Chuck Connors was the most unique sort of Hollywood star. As we celebrate the iconic Rifleman and what would be his 100th birthday, we’re going to tell you why he’s so worthy of a weekend party.
Connors was born in Brooklyn, New York. His parents were Irish-Catholic immigrants from Canada. His dad worked as a longshoreman to take care of his family.
Connors was super athletic. And at 6-foot-6, he towered over most anyone. He signed with a private high school, then moved on to Seton Hall to play sports. He left school months after the attack on Pearl Harbor to join the Army. Connors became a tank/warfare instructor at Fort Campbell, then at West Point.
After his discharge from the Army, Connors returned to his athletic roots, playing a season for the Boston Celtics. He then went back to baseball, his true love, and played for the Brooklyn Dodgers, his favorite team as a kid. Connors trudged around the Minors for several years, reaching the parent club in May, 1949. He spent all of five weeks with the Dodgers before being sent down again. Connors played some for the Chicago Cubs and was optioned back to the Cubs Triple-A team in Los Angeles. And that’s where an MGM talent director saw him.
After a series of small movie roles. Connors finally landed the part that defined the rest of his life. He played Lucas McCain, The Rifleman. Watch the intro to this popular TV western. You come away very intimidated of Chuck Connors as he quickly shoots about a dozen times, then glances at the camera. Or, you fall in love with his skills because this is someone who can handle a gun.
Chuck Connors Played First Single Dad on TV
Connors also played a family man on the show. The Rifleman was the first primetime series to feature a widowed dad/single father. The series was set in the 1880s. On the show, Connors was a Civil War vet who fought for the Indiana Infantry. He settled into the New Mexico territories.
Now about those shooting skills, Connors used a Winchester Model 1892 rifle. It was customized to allow repeated firing. He also used a move called “spin-cocking.”
Chuck Connors, as Lucas McCain, was a rancher who raised his son, Mark, played by Johnny Crawford. Here’s a fun fact. Crawford was an original Mouseketeer.
The Rifleman premiered in 1958. It enjoyed its highest ratings in its rookie season, ranking fourth nationally. The series lasted until 1963. There were three spinoff series and/or reunion movies.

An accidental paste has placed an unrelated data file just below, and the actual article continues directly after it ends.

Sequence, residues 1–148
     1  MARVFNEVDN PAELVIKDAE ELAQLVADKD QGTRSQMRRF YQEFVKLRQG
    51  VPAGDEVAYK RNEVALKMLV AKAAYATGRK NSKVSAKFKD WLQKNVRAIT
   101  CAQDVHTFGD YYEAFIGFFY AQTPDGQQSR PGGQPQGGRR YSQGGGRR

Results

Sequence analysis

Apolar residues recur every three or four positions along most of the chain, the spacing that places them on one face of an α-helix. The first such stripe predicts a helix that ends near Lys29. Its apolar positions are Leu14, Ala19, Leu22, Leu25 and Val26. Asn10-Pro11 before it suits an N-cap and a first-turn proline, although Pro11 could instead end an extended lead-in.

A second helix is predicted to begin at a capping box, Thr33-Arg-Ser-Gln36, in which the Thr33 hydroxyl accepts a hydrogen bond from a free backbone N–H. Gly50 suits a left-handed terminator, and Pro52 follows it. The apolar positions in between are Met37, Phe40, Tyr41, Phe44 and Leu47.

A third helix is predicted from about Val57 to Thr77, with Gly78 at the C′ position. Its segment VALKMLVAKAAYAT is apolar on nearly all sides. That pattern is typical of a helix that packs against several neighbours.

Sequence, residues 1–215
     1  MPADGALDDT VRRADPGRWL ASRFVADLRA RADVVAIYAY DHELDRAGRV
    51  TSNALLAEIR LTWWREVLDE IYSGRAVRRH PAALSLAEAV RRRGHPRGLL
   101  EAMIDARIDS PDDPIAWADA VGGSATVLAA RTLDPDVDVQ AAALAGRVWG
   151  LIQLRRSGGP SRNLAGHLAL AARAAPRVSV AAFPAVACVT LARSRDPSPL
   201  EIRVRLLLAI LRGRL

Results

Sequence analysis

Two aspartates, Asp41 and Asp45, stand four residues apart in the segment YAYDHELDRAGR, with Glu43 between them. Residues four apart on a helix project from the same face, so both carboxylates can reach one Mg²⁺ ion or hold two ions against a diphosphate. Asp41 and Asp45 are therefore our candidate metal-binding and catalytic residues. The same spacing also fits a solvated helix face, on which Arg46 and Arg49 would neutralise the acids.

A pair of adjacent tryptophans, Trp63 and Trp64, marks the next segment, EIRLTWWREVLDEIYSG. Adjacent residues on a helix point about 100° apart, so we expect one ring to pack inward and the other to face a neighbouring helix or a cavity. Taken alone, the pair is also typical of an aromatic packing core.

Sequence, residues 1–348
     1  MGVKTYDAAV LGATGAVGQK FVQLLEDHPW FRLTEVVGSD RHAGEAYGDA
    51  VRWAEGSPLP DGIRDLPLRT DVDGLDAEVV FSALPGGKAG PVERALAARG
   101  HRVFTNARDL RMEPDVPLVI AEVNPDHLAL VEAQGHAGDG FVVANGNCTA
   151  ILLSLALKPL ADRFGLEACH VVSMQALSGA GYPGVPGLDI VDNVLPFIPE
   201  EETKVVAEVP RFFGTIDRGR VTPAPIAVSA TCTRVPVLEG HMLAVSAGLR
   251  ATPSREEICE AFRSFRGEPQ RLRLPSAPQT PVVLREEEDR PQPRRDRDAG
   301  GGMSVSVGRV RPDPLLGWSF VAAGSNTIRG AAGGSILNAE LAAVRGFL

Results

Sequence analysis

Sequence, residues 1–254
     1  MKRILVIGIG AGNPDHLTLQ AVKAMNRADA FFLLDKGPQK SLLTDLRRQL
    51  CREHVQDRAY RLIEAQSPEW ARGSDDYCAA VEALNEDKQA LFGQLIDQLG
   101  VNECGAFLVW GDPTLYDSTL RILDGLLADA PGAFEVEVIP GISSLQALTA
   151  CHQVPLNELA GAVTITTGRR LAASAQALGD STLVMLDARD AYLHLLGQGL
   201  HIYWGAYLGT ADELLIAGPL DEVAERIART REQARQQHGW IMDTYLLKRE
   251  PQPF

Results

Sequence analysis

In the 1970s, Connors Was in ‘Roots’ and Found Out His Biggest Fan Might Be Russian
Chuck Connors guest starred in a variety of TV roles and in some movies. The most significant of those was the mini-series Roots. He played a slave owner and earned an Emmy nomination for his performance.
Also, in the 1970s, Connors found out how popular he was in Russia. Richard Nixon invited Connors to the Western White House in San Clemente, Calif. in 1973. Connors’ biggest fan was Leonid Brezhnev, the leader of the Soviet Union. He was the guest of honor at the party. Connors gave Brezhnev a pair of Colt Single Action Army revolvers. The Soviet Union allowed few western shows to be shown on television. But the Rifleman was an exception because it was Brezhnev’s favorite show.
Brezhnev invited Connors to visit him in Moscow. A decade later, when the Soviet leader died, Connors wanted to attend his funeral. But the U.S government wouldn’t allow it.
Chuck Connors was inducted into the Western Performers Hall of Fame in 1991. He also earned a spot in the National Cowboy & Western Heritage Museum in Oklahoma City. Connors died in 1992 of pneumonia related to lung cancer. He’d been a heavy smoker earlier in his life but had given up the habit 15 years before. He was only 71.
Chuck Connors lived an amazing life. Happy 100th on the other side.